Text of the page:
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Nashville's War Memorial Auditorium, opened in 1925, has a rich history that includes four years of hosting the Grand Ole Opry. During AmericanaFest 2019, from Sept. 12-14, a modern day parade of roots and country music greats will liven up the famous hall on the AmericanaFest Day Stage, produced jointly by WMOT Roots Radio, NPR Music, WXPN/Philadelphia and the Tennessee Performing Arts Center (TPAC).

Hayden Goodridge

The Local, a bar one block away from Nashville’s Centennial Park in midtown, hums with a beckoning light, open garage doors and roots music on a recent Monday night. Sound check is over. A woman steps on stage, pulls the microphone down to her height and greets the murmuring Monday night audience.

 

“Welcome to the Local Brew Live,” she says. “I’m your host, Ana Lee.”

Amy Ray Goes BEAST Mode For WMOT's Wired In Series

Aug 1, 2019
Val Hoeppner/WMOT

Fresh off a weekend at the 60th Newport Folk Festival, including a historic woman-powered Saturday sundown jam curated by Brandi Carlile, songwriter Amy Ray brought a stage full of friends to play country music for an exclusive WMOT member audience on Wednesday evening. The Indigo Girl and folk icon has been making solo music with varying degrees of punk and twang since 2001's Stag. On this evening's set for WMOT's series Wired In, much of the material was drawn from her 2018 album Holler, including its chill and melancholy title track.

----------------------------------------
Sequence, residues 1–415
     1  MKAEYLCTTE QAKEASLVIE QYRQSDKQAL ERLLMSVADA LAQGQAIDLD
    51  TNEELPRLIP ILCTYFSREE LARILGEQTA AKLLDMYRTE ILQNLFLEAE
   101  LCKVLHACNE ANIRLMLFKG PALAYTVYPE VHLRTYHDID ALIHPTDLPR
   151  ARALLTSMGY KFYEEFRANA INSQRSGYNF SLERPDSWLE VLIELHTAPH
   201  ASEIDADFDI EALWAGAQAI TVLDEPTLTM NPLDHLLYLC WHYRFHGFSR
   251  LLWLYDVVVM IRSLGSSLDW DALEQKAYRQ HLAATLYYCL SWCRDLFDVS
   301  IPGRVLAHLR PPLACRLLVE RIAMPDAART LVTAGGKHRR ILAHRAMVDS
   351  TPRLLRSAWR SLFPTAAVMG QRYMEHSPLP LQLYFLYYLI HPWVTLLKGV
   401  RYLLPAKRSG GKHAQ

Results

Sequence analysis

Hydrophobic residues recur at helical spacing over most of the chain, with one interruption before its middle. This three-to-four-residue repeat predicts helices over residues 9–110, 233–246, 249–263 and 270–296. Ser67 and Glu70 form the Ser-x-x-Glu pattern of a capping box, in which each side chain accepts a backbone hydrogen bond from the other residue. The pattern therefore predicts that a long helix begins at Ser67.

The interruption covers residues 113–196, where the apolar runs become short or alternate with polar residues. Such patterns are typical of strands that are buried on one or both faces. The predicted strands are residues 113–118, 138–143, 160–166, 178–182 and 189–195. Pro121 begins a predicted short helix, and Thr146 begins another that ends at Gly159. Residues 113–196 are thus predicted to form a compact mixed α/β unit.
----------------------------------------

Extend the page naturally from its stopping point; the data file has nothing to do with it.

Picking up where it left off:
Music City Roots, the 10-year-old live radio show and public television series, announced plans for a new venue on Thursday. Co-founder John Walker and community leaders unveiled The Roots Barn, a new concert venue to be built next year in the growing music scene of Madison, TN. When live broadcasts return to the WMOT airwaves, scheduled for late 2020, it will be known as Music City Roots - Live From Madison Station.

All photos by Val Hoeppner

Two of the biggest music festivals in the country - CMA Music Fest and Bonnaroo - are about to arrive in Middle Tennessee. Crowds of 50-70,000 people will assemble to commune with artists most of them can barely see, other than via huge video screens. We're partial to more intimate relationships with our music and our fellow fans.

If you’re a devotee of WMOT, then it’s likely you’ve spent a good bit of your radio life tuning in around the left side of the FM dial. That’s because back in the mid 20th century, the Federal Communications Commission designated the lower frequencies between 88.1 and 91.9 as home to non-commercial and so-called “educational” stations. Public radio’s ways and means have evolved a lot since then, but its point is largely unchanged: to broadcast news, thoughtful talk and genres of music that commercial station won’t.